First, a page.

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Kelowna cop in court on assault charge
Infamous Kelowna cop Geoff Mantler was in court Monday to face one of the men who accused him of assault.
Manjeet Singh Bhatti, 36, alleges he was the victim of a surprise attack from Const. Mantler Aug. 30 2010, over the course of an arrest. Charges were officially laid the following March, but until this week few details of the conflict were made public.
According to testimony offered in court, the Prince George resident, who was in Kelowna several times that summer to help a friend move to the city, had ridden a broken-down, borrowed bike downtown late that night to get the lay of the land.
In short order, Bhatti said he was buying two crack rocks for a grand total of $40 and smoking them with a woman he'd met earlier.
The last rock was smoked at about midnight, and within an hour the high had passed, and Bhatti was on the hunt for more.
"Up near the TD bank there were three people and I tried to buy some dope," he said.
They lingered around the parking lot for a while, and then two of the group walked with Bhatti down an alleyway to make the transaction.
It was just after 1 a.m., when things went awry.
"I saw something suspicious … I thought I'd get robbed," he said, noting he turned around on his bike and high-tailed it out of the alley.
Head down, pedalling as fast as he could, Bhatti said he passed a car and heard someone yell; "hey, stop."
He testified that he didn't want to stop while he was evading a potential robbery, and replied, "no, I'm driving to the store."
He then hung a left and was on Harvey Avenue driving against traffic.
"Then I saw the red and blue lights," he said. "I was using my feet on the ground to slow down… so I stopped."
Mid road, Bhatti got the bike to stop, it dropped to the ground between his legs and he lifted his arms into the air.
A police officer—who he identified as Mantler's partner—put his hands behind his back and brought him to the car in a "normal" fashion.
Bhatti, who is five-foot-11 and at that time under 120 lbs, was then cuffed and that police officer went to the bike from the road.
"About 10 to 15 seconds after the first cop left, I heard, 'stomp, stomp, stomp," Bhatti said, noting that's how he became aware of Mantler.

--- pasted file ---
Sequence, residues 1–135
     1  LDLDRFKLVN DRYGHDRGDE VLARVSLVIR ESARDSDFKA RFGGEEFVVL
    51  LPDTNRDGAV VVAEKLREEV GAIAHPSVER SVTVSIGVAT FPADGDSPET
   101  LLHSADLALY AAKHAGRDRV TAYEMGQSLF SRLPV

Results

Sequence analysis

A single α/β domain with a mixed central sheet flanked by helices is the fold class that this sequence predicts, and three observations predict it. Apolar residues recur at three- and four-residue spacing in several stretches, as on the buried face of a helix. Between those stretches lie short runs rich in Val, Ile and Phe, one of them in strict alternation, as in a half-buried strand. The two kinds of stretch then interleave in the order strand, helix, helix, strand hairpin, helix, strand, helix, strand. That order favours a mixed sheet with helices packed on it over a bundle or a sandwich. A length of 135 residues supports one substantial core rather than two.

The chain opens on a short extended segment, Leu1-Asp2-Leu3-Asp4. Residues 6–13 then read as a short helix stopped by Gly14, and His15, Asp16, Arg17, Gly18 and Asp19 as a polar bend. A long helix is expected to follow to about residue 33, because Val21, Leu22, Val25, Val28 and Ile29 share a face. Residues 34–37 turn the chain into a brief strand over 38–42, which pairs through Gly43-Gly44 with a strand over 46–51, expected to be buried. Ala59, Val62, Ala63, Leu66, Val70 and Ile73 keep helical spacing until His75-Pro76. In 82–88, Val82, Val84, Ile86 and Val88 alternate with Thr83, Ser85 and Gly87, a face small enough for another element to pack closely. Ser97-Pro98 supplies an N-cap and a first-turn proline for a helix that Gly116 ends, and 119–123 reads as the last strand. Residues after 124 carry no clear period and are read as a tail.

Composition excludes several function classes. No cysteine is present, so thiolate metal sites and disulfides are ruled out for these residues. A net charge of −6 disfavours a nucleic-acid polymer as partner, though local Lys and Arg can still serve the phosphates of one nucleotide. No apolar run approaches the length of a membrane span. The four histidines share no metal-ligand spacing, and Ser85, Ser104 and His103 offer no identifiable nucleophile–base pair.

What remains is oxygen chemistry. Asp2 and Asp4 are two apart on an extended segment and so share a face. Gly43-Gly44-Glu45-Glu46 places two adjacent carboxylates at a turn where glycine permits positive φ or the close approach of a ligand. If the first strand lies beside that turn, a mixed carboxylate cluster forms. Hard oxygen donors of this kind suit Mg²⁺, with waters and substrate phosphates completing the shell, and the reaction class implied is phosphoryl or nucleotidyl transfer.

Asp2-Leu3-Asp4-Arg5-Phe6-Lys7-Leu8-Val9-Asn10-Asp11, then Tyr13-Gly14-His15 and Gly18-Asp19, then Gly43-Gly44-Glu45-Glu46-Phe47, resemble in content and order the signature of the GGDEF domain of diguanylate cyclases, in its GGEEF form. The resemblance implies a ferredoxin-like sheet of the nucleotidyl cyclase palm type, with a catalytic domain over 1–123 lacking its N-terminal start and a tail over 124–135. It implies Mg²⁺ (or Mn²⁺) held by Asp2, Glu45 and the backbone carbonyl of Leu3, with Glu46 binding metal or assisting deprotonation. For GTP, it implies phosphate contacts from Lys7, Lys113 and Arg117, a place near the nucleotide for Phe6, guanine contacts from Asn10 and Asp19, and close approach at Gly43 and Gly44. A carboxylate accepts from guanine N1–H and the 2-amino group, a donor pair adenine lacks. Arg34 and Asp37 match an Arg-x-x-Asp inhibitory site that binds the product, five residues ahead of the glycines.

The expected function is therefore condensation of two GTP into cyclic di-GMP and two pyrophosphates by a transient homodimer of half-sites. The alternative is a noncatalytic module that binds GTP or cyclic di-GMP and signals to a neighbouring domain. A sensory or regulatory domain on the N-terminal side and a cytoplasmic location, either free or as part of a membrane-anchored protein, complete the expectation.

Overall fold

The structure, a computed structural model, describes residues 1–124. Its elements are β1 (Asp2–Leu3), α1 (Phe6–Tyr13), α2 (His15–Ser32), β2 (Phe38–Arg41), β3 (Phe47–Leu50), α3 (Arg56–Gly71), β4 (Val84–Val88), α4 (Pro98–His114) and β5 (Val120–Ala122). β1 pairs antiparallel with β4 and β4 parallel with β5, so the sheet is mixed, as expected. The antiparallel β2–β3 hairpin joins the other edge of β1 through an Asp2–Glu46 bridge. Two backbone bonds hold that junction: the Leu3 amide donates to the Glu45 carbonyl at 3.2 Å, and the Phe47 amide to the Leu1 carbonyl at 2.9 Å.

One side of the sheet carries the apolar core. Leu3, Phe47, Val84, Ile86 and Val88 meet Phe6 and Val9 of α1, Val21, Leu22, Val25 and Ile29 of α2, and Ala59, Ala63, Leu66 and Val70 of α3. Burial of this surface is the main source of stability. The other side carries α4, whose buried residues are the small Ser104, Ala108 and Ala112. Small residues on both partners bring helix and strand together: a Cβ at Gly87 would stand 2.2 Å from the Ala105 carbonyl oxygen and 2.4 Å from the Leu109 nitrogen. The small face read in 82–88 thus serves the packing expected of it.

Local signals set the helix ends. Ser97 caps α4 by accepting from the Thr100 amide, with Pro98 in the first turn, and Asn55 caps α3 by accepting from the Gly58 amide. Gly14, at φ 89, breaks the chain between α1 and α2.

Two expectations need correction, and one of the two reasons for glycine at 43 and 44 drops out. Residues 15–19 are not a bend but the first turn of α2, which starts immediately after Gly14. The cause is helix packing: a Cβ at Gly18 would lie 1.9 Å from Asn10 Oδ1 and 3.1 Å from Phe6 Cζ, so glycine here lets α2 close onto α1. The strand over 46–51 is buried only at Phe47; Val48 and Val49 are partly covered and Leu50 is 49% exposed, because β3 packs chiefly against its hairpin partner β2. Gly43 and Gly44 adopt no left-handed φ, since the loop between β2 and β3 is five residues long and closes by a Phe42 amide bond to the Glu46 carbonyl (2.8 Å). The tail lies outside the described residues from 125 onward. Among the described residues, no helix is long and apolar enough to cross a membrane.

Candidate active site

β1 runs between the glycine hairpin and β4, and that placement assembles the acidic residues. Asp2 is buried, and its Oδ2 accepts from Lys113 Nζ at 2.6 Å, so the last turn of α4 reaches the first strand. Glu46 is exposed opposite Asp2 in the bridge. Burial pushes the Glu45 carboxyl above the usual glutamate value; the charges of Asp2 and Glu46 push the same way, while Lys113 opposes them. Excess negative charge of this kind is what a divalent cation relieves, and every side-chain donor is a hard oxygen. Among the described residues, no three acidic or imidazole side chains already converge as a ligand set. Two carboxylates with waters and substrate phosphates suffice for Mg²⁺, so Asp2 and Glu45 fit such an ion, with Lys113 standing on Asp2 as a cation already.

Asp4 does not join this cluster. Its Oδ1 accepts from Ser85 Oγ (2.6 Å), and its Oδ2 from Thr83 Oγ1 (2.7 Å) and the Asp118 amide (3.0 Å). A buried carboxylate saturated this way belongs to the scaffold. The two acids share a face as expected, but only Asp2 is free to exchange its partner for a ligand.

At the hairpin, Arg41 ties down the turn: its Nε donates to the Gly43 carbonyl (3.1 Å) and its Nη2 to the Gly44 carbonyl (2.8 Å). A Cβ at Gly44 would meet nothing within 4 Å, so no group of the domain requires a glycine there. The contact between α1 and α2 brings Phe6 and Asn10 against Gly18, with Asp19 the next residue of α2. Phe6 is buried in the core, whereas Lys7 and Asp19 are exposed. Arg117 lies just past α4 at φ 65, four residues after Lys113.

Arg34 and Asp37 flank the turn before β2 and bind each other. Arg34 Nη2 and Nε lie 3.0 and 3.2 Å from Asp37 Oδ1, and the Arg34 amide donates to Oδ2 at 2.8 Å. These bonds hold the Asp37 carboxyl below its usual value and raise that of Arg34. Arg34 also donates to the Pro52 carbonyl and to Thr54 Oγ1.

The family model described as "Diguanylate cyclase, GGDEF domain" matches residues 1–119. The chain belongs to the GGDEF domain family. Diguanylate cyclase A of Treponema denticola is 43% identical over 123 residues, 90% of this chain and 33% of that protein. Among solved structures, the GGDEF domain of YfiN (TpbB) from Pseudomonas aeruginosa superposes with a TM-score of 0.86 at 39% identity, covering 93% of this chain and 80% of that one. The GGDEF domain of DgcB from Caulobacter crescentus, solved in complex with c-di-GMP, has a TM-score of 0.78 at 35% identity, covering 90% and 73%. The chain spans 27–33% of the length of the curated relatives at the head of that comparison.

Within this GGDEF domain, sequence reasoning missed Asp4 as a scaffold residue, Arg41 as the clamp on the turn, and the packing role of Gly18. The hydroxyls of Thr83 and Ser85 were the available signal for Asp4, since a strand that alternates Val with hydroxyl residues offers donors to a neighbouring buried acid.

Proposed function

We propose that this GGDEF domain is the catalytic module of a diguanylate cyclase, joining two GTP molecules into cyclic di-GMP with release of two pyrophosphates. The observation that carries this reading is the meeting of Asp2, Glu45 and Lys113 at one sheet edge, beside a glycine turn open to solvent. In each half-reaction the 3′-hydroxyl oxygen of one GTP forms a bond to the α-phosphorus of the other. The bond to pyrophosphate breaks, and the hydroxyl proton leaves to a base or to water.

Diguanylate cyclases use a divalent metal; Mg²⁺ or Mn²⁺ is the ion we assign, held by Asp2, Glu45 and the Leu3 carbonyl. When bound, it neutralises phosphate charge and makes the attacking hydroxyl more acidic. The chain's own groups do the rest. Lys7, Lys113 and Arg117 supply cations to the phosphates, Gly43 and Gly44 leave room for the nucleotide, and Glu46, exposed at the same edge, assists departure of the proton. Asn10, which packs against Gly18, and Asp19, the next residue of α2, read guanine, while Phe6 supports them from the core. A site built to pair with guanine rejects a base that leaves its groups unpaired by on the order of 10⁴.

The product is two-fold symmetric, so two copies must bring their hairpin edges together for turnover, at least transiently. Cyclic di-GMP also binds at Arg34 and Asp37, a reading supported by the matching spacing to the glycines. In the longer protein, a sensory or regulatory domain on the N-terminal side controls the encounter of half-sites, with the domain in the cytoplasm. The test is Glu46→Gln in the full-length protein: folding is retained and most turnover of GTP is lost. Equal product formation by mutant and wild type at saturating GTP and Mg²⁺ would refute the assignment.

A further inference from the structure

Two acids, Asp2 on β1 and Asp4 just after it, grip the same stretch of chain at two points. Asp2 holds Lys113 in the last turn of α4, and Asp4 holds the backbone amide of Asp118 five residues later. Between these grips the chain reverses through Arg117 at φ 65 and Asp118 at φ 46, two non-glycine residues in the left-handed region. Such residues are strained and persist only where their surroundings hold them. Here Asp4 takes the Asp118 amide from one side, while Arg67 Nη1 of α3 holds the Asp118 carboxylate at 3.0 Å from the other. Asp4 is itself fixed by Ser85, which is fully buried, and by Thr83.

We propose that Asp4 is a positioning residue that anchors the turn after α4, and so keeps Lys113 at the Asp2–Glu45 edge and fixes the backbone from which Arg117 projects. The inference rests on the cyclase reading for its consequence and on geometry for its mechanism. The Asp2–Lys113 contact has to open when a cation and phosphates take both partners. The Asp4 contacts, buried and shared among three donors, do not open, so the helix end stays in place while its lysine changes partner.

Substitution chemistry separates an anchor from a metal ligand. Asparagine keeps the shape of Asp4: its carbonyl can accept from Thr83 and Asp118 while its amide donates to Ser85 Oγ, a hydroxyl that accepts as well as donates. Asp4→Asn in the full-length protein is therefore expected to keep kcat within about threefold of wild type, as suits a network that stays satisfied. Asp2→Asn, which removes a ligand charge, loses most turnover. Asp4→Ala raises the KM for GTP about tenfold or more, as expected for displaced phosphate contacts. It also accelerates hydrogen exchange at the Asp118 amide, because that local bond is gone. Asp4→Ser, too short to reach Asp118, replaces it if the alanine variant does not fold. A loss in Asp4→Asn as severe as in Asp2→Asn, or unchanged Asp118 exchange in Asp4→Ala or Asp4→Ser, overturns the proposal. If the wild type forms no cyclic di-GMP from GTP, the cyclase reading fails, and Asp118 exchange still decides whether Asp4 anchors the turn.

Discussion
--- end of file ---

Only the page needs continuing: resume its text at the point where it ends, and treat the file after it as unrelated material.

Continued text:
"From the back of the car, he was moving fast… running. I turned my head to the right and I was hit with something.. a fist or an elbow."
The hit was hard enough to shatter his glasses, and knock him to the ground.
Blood, he testified, was running down his nose and onto the ground. He claims the knock caused his eye to swell shut for the following four weeks, causing headaches and impacting his vision.
"I said nothing at the time, I was lying on the ground," he said, noting he was "obeying orders."
The other officer appeared, and helped Bhatti into the car and found him his glasses.
"The one who hit me (left) to see if I'd thrown something," he said, noting that they claimed he'd ditched something during the pursuit, despite his assertions otherwise.
In the back of the car, Bhatti asked Mantler's partner why he'd hit him and was told to ask Mantler when he got back.
"So I did ask him," he said. "He said, 'because you're a stupid crack-head Hindu' and he kept calling me a goof. 'Goof' this and 'goof' that."
Mantler, Bhatti testified, was noticeably angry.
And he was in pain. Bhatti said he requested medical intervention for his injury, but it wasn't forthcoming.
"I kept complaining," he said.
Despite the arrest and brief stay in custody, no charges were laid. He left the detachment with $600 in fines, for things like not wearing a helmet.
The next day, he went for medical help at a local clinic, then returned to the detachment to make a statement about his injury.
RCMP Sgt. Wade Severson works for the branch of the local police detachment that deals with such issues, and took Bhatti's complaint that day.
Severson testified the impact of the hit to Bhatti's eye was evident. He was clearly getting the early stages of a shiner by the time they met up nine hours later.
Although he took Bhatti's statement, Severson left the file for 30 days and it didn't become a criminal matter until three months later.
Not long after that, Mantler made national headlines for allegedly booting a prone Buddy Tavares' head on video, during the course of an arrest.
That matter will be in court in November. In the interim, Tavares is keeping up with Mantler's other legal woes, even going so far as to sit in on Monday's testimony.
He said he's been in contact with Bhatti, and they've talked about their respective "brutal" beatings.
The trial is expected to continue for one more day.